Farm workers react to Brown’s veto of pro-union bill

Governor Jerry Brown has vetoed
SB 104, also known as the Fair
Treatment for Farm Workers Act.
to make unionization easier for farmworkers,
the bill has been at the center of the farmworkers’ struggle in
California. Brown, who has posed as a supporter of the United Farm
Workers union in recent years, has now exposed himself as being on
the side of Big Agribusiness with his veto—an open attack on
farmworkers’ right to unionize.

duplicity exposed

would Brown veto legislation so important to farmworkers after
boasting, during his recent campaign for governor, of the work he
did with César Chávez? Brown even shamelessly used half-a-dozen
photos of himself with Chávez in a Spanish-language ad campaign to
win the Latino vote against his openly racist opponent, Meg Whitman.

1975, when he was elected governor the first time, Brown marched with
the UFW and helped
win passage of the landmark Agricultural Labor Relations Act.
Now, as he refuses to meet with representatives of the UFW, the
farmworkers sit outside his office hoping to confront him for his

explained his actions by stating, “I
am not yet convinced that the far-reaching provisions of this bill .
. . are justified,” despite the fact that he promised he would
address issues affecting the Latino community during his campaign.
duplicity could not have been more evident. Brown had the choice of
siding either with the $36 billion-a-year agricultural industry or
with the farmworkers, who work for low wages and remain among the
poorest and most exploited workers. There is no doubt about it—Brown
is nothing more than another servant of the capitalists and their

Farm Workers Act

the legislation passed, SB 104
have given California’s 400,000 farmworkers an alternative to
traditional, on-the-job polling-place elections to decide on union
representation. Under the new process, farmworkers would have filled
out state-issued ballots in privacy. Bosses are notorious for
threatening farmworkers during union drives. Oftentimes, the threats
successfully defeat the drives.

a union, however, farmworkers would have access to better pay and
health insurance. Health care is essential to the workers considering
that they spend long 8-to-12 hour days under the burning sun, often
without breaks, in many cases suffering overexposure, dehydration,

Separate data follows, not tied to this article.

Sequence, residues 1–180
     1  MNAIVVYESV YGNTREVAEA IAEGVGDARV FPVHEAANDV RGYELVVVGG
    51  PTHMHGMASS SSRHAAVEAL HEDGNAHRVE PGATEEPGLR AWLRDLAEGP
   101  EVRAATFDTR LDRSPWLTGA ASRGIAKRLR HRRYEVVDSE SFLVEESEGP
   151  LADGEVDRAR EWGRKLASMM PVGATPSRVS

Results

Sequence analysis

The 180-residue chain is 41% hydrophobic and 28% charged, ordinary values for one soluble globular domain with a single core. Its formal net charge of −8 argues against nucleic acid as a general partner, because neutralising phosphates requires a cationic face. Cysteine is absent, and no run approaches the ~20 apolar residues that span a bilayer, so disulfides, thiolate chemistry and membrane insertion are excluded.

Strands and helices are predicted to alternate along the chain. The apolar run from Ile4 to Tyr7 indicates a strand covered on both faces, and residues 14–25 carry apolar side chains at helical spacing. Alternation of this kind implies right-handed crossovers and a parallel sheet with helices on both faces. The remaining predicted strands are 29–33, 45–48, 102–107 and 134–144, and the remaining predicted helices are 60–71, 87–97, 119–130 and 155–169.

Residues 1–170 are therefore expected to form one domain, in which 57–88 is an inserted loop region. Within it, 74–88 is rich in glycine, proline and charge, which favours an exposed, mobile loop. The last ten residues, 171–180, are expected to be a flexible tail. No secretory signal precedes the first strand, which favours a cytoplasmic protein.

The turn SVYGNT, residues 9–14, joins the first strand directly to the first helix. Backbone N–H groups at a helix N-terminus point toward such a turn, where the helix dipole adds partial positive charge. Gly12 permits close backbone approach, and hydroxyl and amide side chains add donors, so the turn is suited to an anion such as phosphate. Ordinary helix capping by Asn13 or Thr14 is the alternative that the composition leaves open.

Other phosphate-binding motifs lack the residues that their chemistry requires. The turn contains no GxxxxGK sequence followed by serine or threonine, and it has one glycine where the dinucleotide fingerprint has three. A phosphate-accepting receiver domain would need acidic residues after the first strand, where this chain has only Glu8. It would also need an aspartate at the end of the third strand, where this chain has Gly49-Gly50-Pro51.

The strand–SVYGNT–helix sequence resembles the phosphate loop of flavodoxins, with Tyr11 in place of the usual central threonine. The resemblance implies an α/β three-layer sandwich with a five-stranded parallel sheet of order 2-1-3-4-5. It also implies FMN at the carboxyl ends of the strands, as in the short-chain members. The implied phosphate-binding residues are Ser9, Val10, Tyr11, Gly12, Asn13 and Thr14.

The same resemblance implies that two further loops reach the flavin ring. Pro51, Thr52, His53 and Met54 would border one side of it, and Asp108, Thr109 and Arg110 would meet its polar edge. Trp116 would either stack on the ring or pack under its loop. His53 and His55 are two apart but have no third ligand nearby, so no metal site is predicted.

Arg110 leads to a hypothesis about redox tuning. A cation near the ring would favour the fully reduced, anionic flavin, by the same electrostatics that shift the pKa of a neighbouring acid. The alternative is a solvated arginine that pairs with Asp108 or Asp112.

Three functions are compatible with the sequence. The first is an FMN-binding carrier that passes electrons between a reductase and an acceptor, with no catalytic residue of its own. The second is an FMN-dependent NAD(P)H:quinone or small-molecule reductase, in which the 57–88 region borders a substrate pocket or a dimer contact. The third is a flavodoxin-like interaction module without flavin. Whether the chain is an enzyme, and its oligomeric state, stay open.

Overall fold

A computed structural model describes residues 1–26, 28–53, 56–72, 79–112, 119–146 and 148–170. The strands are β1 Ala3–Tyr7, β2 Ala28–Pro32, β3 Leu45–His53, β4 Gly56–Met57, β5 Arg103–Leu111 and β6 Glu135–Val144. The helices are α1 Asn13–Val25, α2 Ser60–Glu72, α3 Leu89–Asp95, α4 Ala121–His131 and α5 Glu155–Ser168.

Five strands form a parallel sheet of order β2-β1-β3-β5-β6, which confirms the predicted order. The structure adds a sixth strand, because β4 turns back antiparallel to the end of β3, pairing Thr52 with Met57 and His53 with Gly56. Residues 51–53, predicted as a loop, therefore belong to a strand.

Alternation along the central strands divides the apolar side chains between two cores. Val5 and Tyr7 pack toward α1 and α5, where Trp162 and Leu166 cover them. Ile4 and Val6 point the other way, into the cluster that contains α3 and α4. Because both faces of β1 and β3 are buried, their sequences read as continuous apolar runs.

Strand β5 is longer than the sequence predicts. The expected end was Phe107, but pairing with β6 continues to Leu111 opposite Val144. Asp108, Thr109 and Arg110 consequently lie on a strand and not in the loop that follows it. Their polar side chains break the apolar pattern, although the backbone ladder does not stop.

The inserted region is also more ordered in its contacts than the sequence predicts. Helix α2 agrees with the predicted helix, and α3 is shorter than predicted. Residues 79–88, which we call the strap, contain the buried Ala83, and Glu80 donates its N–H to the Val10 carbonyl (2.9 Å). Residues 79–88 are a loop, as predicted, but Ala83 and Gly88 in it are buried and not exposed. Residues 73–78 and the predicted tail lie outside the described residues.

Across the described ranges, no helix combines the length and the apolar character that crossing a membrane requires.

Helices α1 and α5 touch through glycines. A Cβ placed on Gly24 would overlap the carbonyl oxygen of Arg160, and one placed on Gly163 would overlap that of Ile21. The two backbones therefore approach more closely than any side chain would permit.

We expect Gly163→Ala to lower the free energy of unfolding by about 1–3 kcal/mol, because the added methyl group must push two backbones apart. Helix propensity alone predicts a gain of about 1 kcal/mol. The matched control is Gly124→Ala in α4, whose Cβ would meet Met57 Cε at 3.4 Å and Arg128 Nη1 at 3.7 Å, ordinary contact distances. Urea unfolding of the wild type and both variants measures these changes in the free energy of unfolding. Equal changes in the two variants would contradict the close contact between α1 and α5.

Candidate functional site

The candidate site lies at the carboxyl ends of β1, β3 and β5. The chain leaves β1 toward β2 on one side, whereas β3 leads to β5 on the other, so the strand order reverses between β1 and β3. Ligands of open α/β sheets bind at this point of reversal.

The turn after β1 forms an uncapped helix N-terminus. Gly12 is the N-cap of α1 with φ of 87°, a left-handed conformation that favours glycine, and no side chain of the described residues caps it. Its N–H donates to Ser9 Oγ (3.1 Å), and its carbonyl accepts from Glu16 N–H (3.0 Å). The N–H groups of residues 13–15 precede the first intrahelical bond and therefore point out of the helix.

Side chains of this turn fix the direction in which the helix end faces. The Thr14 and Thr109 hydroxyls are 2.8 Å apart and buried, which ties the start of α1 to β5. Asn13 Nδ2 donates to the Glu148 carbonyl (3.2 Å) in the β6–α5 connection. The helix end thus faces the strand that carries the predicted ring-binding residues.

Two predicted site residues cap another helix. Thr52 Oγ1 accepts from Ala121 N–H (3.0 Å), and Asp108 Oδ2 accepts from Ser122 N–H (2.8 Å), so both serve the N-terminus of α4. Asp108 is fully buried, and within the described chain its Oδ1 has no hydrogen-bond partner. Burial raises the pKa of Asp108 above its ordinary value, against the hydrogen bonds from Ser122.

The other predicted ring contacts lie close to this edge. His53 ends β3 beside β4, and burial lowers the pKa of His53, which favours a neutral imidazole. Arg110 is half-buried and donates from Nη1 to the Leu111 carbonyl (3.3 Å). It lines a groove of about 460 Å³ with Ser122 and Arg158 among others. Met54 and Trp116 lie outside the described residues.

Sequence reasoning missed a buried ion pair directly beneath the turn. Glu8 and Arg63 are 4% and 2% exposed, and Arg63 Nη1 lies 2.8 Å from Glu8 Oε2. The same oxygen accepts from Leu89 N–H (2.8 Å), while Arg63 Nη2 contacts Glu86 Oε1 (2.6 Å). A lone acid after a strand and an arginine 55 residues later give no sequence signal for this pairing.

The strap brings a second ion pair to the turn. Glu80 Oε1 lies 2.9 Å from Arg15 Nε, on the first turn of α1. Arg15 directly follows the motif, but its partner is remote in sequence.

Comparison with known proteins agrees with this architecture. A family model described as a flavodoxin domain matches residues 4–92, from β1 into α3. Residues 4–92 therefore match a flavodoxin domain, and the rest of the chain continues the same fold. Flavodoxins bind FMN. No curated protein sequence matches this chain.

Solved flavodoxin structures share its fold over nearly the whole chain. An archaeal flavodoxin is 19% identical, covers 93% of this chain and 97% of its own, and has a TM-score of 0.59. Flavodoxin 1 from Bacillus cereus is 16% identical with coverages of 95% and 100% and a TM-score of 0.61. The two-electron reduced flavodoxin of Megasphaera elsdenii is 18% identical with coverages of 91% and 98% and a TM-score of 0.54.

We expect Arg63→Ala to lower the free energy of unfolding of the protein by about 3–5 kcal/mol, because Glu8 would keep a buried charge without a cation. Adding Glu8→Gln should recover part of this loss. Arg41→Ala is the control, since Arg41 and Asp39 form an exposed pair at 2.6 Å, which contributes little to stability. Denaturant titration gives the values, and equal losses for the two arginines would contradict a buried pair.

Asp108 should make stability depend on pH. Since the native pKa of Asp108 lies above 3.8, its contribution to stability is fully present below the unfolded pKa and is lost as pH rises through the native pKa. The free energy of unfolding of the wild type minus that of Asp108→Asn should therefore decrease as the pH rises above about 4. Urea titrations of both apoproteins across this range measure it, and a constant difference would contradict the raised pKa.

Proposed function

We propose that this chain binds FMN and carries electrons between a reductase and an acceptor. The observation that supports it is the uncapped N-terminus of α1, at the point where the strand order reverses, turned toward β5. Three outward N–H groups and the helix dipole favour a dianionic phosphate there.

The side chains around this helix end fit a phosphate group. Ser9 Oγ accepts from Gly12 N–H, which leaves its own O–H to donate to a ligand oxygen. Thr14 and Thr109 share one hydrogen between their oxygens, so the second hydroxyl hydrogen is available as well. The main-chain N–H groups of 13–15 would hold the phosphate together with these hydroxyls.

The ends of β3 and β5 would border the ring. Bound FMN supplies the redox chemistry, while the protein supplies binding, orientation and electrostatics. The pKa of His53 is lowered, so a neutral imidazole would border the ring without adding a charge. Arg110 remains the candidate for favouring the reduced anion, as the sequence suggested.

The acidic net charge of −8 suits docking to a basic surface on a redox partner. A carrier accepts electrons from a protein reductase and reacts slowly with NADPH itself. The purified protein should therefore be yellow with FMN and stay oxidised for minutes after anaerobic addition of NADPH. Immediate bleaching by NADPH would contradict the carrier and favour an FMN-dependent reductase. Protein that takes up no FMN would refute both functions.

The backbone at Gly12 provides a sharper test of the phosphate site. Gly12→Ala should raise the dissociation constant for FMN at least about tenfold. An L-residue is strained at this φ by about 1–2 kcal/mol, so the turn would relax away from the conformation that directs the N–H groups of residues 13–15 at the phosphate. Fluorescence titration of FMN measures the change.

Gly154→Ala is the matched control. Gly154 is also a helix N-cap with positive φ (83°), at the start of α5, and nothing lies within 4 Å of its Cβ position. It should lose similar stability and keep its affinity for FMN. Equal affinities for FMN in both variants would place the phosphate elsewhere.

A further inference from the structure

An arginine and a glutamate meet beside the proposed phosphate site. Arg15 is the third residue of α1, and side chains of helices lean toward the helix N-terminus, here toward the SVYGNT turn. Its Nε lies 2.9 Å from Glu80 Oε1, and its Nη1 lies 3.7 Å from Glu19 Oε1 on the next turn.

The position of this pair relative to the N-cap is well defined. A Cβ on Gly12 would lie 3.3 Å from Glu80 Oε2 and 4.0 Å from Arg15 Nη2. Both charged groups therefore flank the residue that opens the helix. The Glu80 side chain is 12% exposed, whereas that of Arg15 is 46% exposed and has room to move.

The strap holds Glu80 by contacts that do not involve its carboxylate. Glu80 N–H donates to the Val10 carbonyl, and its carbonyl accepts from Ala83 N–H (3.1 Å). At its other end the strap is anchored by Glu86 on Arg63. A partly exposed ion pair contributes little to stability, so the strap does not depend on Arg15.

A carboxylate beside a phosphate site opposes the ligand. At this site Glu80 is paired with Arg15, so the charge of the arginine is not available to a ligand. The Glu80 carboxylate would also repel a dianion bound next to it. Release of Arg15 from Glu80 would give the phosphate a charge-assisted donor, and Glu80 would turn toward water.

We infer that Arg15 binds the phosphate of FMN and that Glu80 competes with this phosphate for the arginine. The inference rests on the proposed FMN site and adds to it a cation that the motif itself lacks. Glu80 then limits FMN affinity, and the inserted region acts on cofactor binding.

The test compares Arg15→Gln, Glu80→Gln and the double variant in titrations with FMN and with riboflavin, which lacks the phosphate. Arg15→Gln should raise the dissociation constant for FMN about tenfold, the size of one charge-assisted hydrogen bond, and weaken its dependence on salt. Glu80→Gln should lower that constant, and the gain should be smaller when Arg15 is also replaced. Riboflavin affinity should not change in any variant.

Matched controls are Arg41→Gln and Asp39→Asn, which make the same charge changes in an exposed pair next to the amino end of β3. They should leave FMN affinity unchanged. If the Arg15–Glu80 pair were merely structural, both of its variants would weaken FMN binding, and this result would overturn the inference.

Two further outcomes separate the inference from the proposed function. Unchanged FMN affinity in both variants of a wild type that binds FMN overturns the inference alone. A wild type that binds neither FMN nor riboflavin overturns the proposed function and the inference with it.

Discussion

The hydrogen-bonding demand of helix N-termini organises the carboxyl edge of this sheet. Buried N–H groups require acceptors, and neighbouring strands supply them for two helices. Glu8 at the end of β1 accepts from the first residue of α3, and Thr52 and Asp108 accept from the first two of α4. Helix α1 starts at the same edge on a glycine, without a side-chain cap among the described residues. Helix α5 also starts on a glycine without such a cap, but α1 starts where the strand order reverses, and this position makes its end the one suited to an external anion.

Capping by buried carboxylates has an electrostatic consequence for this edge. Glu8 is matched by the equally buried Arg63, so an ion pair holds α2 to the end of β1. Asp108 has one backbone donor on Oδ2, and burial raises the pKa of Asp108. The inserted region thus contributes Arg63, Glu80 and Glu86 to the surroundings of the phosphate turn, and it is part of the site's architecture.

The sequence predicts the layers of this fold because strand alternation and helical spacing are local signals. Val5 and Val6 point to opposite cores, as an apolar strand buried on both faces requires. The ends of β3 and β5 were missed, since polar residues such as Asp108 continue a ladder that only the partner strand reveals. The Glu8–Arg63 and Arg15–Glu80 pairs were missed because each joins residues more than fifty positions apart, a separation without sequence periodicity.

heatstroke and even death.

Izabel’s death on May 14, 2008, is an example of the harsh
conditions endured by workers in the fields. After working hours
under the hot sun without a break, Izabel collapsed and died three
days later at a local hospital. Had she been part of a union, she
could have had representation along with her other co-workers who
continue to risk death from terrible conditions in the fields.

President Arturo Rodriguez said: “What never changes is power.
Governor Brown accepted the arguments made by the powerful
agricultural business lobby and rejected the cause of powerless farm


of workers have stood outside Brown’s office since June 16 to
peacefully demand the ratification of SB 104. For 12 days, vigils
were held, but Brown refused to meet with the workers. The day he
vetoed the legislation, thousands of farmworkers descended on
Sacramento from dawn to nightfall. When they learned of Brown’s
decision, the memory of his words during his election campaign left
workers infuriated.

farmworkers brought pounds of squeezed orange rinds as a metaphor for
how they felt. In particular, they were spotlighting Brown’s
duplicity, most notably his statement during the governor’s race:
“You don’t just bring in semi-serfs and say, ‘Do the dirty
work, and then we’re finished with you. That’s not right.’”
Ironically, Brown used
farmworkers for the Latino vote, then tossed them aside when he was
finished with them

fields need the workers and the workers need the jobs, but without
the support of a union, these workers are bound to suffer the harsh
consequences of unfair treatment from their bosses and managers.

is common practice to deny people their basic needs and rights under
capitalism. If it were not for a push forward from people’s
movements, bosses and the state that protects their interests would
continue to deny people even reasonable demands such as the right to
form a union. Unions represent workers in negotiating the conditions
of employment, trying to lower the rate of exploitation, while
corporations and capitalist politicians, Brown included, seek to
maximize profits. The struggle of the farmworkers is not over, and
the Party for Socialism and Liberation will continue to stand with
them until a victory is secured.

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